plot(k_rs, phit_newton * k**2, '--', lw=1.4, label="${\\rm Newtonian}$", color=colors[0])
plot(k_rs, phit_long_gadget2 * k**2, '-', lw=1.4, label="${\\rm Gadget}$", color=colors[2])
plot(k_rs, phit_long_swift * k**2, '-', lw=1.4, label="${\\rm SWIFT}$", color=colors[3])
plot([1., 1.], [1e-5, 1e5], 'k-', alpha=0.5, lw=0.5)
plot(r_rs, np.ones(np.size(r))*0.01, 'k:', alpha=0.5, lw=0.5)
plot([1., 1.], [1e-5, 1e5], 'k-.', alpha=0.5, lw=0.5)
plot(r_rs, np.ones(np.size(r))*0.01, 'k-.', alpha=0.5, lw=0.5)
xlim(1.1*r_min/ r_s, 0.9*r_max / r_s)
ylim(3e-3, 1.5)
......@@ -301,8 +299,8 @@ subplot(313, xscale="log", yscale="log")
plot(k_rs, 1. - phit_long_gadget2 * k**2, '-', lw=1.4, label="${\\rm Gadget}$", color=colors[2])
plot(k_rs, 1. - phit_long_swift * k**2, '-', lw=1.4, label="${\\rm SWIFT}$", color=colors[3])
plot([1., 1.], [1e-5, 1e5], 'k-', alpha=0.5, lw=0.5)
plot(r_rs, np.ones(np.size(r)), 'k:', alpha=0.5, lw=0.5)
plot(r_rs, np.ones(np.size(r))*0.01, 'k:', alpha=0.5, lw=0.5)
plot(r_rs, np.ones(np.size(r)), 'k-.', alpha=0.5, lw=0.5)
plot(r_rs, np.ones(np.size(r))*0.01, 'k-.', alpha=0.5, lw=0.5)
xlim(1.1*r_min/ r_s, 0.9*r_max / r_s)
ylim(3e-3, 1.5)
......
......@@ -34,9 +34,9 @@ params = {'axes.labelsize': 9,
'ytick.labelsize': 8,
'text.usetex': True,
'figure.figsize' : (3.15,3.15),
'figure.subplot.left' : 0.115,
'figure.subplot.left' : 0.14,
'figure.subplot.right' : 0.99 ,
'figure.subplot.bottom' : 0.065 ,
'figure.subplot.bottom' : 0.1 ,
'figure.subplot.top' : 0.99 ,
'figure.subplot.wspace' : 0. ,
'figure.subplot.hspace' : 0. ,
......@@ -117,12 +117,12 @@ colors=['#4477AA', '#CC6677', '#DDCC77', '#117733']
subplot(311)
plot(r, W_newton, '--', lw=1.4, label="${\\rm Newtonian}$", color=colors[0])
plot(r, W_plummer, ':', lw=1.4, label="${\\rm Plummer}$", color=colors[1])
plot(r, W_gadget2, '-', lw=1.4, label="${\\rm Gadget}$", color=colors[2])
plot(r, W_gadget2, '-', lw=1.4, label="${\\rm Spline}$", color=colors[2])
plot(r, W, '-', lw=1.4, label="${\\rm SWIFT}$", color=colors[3])
plot([epsilon, epsilon], [0, 10], 'k-', alpha=0.5, lw=0.5)
plot([epsilon/plummer_equivalent_factor, epsilon/plummer_equivalent_factor], [0, 10], 'k-', alpha=0.5, lw=0.5)
legend(loc="upper right", frameon=True, handletextpad=0.1, handlelength=3.2, fontsize=8)
legend(loc="upper right", frameon=True, handletextpad=0.3, handlelength=1.6, fontsize=8, framealpha=1.)
xlim(0,r_max_plot)
xticks([0., 0.5, 1., 1.5, 2., 2.5], ["", "", "", "", "", ""])
......@@ -135,7 +135,7 @@ ylabel("$\\rho(r)$", labelpad=2)
subplot(312)
plot(r, phi_newton, '--', lw=1.4, label="${\\rm Newtonian}$", color=colors[0])
plot(r, phi_plummer, ':', lw=1.4, label="${\\rm Plummer}$", color=colors[1])
plot(r, phi_gadget2, '-', lw=1.4, label="${\\rm Gadget}$", color=colors[2])
plot(r, phi_gadget2, '-', lw=1.4, label="${\\rm Spline}$", color=colors[2])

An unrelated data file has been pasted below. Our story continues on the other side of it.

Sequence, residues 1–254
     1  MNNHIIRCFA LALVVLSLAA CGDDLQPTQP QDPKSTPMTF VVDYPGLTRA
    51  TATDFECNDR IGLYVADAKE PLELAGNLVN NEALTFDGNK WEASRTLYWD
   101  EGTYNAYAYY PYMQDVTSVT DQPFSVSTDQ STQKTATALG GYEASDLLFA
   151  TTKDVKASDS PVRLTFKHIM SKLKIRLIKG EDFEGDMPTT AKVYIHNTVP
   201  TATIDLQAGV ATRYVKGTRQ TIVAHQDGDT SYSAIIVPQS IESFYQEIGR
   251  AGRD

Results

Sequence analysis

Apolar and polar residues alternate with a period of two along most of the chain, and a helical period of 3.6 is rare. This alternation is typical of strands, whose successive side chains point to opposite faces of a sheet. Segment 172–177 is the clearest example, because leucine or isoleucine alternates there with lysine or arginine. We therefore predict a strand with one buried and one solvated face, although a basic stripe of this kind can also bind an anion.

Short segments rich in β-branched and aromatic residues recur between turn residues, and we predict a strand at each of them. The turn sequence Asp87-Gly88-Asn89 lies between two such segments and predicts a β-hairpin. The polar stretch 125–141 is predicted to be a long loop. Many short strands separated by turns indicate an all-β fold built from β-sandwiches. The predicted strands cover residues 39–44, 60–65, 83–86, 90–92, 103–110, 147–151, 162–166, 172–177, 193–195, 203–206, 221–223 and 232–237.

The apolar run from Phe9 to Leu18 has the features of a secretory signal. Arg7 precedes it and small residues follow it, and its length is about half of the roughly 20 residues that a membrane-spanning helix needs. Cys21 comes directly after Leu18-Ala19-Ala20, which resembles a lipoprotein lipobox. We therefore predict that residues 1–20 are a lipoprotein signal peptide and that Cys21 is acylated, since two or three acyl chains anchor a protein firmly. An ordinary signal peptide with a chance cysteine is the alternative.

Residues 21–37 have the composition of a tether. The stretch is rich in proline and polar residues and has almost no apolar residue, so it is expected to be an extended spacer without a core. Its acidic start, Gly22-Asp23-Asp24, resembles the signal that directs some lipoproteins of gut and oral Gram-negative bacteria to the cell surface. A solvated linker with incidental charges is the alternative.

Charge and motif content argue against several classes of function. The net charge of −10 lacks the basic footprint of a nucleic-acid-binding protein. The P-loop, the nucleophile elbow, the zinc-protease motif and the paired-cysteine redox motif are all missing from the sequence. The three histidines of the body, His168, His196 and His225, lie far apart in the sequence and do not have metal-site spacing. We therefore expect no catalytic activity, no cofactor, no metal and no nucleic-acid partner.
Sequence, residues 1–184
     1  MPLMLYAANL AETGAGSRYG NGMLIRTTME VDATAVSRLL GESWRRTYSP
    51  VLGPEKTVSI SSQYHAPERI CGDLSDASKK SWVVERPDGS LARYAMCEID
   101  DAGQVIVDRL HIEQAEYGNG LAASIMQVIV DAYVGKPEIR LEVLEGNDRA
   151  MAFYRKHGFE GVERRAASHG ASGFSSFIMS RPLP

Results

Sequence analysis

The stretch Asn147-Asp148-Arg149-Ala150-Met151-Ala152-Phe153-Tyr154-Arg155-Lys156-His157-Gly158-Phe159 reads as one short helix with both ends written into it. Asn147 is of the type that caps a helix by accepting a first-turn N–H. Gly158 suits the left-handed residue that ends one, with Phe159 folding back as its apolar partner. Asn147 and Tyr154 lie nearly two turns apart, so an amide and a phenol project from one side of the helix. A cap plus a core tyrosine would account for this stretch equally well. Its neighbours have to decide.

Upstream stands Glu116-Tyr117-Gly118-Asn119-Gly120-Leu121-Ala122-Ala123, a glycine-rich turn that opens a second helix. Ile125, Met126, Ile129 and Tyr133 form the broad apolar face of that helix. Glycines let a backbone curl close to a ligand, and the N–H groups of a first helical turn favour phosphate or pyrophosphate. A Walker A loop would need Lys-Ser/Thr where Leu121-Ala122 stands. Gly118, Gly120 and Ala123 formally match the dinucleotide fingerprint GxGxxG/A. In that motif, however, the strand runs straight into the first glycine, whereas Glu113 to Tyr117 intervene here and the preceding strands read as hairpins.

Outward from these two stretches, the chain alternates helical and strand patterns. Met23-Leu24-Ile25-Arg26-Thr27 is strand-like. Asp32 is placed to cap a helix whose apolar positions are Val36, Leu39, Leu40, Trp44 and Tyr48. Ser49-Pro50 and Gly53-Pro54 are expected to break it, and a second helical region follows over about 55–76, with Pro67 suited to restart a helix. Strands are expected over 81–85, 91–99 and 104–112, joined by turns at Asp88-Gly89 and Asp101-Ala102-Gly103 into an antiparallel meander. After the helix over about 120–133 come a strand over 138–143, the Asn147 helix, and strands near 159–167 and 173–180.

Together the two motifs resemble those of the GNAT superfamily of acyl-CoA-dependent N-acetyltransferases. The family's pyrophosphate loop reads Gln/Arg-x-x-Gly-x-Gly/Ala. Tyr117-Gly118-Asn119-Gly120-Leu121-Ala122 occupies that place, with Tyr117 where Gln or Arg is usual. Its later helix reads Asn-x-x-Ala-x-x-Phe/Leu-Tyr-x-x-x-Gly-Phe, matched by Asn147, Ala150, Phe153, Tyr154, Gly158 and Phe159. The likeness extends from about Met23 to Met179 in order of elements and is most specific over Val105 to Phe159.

plot(r, phi, '-', lw=1.4, label="${\\rm SWIFT}$", color=colors[3])
plot([epsilon, epsilon], [-10, 10], 'k-', alpha=0.5, lw=0.5)
plot([epsilon/plummer_equivalent_factor, epsilon/plummer_equivalent_factor], [0, 10], 'k-', alpha=0.5, lw=0.5)
......@@ -160,7 +160,7 @@ text(epsilon/plummer_equivalent_factor+0.03, 0.05, "$\\epsilon_{\\rm Plummer}$",
xlim(0,r_max_plot)
xticks([0., 0.5, 1., 1.5, 2., 2.5], ["$%.1f$"%(0./epsilon), "", "$%.1f$"%(1./epsilon), "", "$%.1f$"%(2./epsilon)])
xlabel("$r/H$", labelpad=-7)
xlabel("$r/H$", labelpad=-2.)
ylim(0, 0.95)
ylabel("$|\\overrightarrow{\\nabla}\\varphi(r)|$", labelpad=0)
......
......@@ -11,9 +11,9 @@ is cheaper to compute and has a very similar overall shape. The C2
kernel has the advantage of being branch-free leading to an expression
which is faster to evaluate using vector units available on modern
architectures; it also does not require any divisions to evaluate the
softened forces. We set $\tilde\delta(\mathbf{x}) =
\rho(|\mathbf{x}|) = W(|\mathbf{x}|, 3\epsilon_{\rm Plummer})$, with
$W(r, H)$ given by
softened forces. We set
$\tilde\delta(\mathbf{x}) = \rho(|\mathbf{x}|) = W(|\mathbf{x}|,
3\epsilon_{\rm Plummer})$, with $W(r, H)$ given by
\begin{align}
W(r,H) &= \frac{21}{2\pi H^3} \times \nonumber \\
......@@ -35,24 +35,24 @@ and $u = r/H$. The potential $\varphi(r,H)$ corresponding to this density distri
\end{align}
These choices, lead to a potential at $|\mathbf{x}| = 0$ equal to the
central potential of a Plummer sphere (i.e. $1/\epsilon_{\rm
Plummer}$)\footnote{Note the factor $3$ in the definition of
$\rho(|\mathbf{x}|)$ which differs from the factor $2.8$ used
in \textsc{Gadget} as a consequence of the change of kernel
shape.}. The softened density profile, its corresponding potential and
resulting forces are shown on Fig. \ref{fig:fmm:softening} (for
details see Sec. 2 of~\cite{Price2007}).
central potential of a Plummer sphere (i.e.
$\varphi(0) = 1/\epsilon_{\rm Plummer}$)\footnote{Note the factor $3$
in the definition of $\rho(|\mathbf{x}|)$ which differs from the
factor $2.8$ used in \textsc{Gadget} as a consequence of the change
of kernel shape.}. The softened density profile, its corresponding
potential and resulting forces are shown on
Fig. \ref{fig:fmm:softening} (for details of these are obtained see
section 2 of~\cite{Price2007}). For comparison purposes, we also
implemented the more traditional spline-kernel softening in \swift.
\begin{figure}
\includegraphics[width=\columnwidth]{potential.pdf}
\caption{The density (top), potential (middle) and forces (bottom)
generated py a point mass in our softened gravitational scheme.
A Plummer-equivalent sphere is shown for comparison. The spline
kernel of \citet{Monaghan1985}, used in \textsc{Gadget}, is shown
for comparison but note that it has not been re-scaled to match the
Plummer-sphere potential at $r=0$. %(for completeness, we chose
%$\epsilon=2$).
}
generated py a point mass in our softened gravitational scheme. A
Plummer-equivalent sphere is shown for comparison. The spline kernel
of \citet{Monaghan1985}, used for instance in \textsc{Gadget}, is
shown for comparison but note that it has not been re-scaled to
match the Plummer-sphere potential at $r=0$. }
\label{fig:fmm:softening}
\end{figure}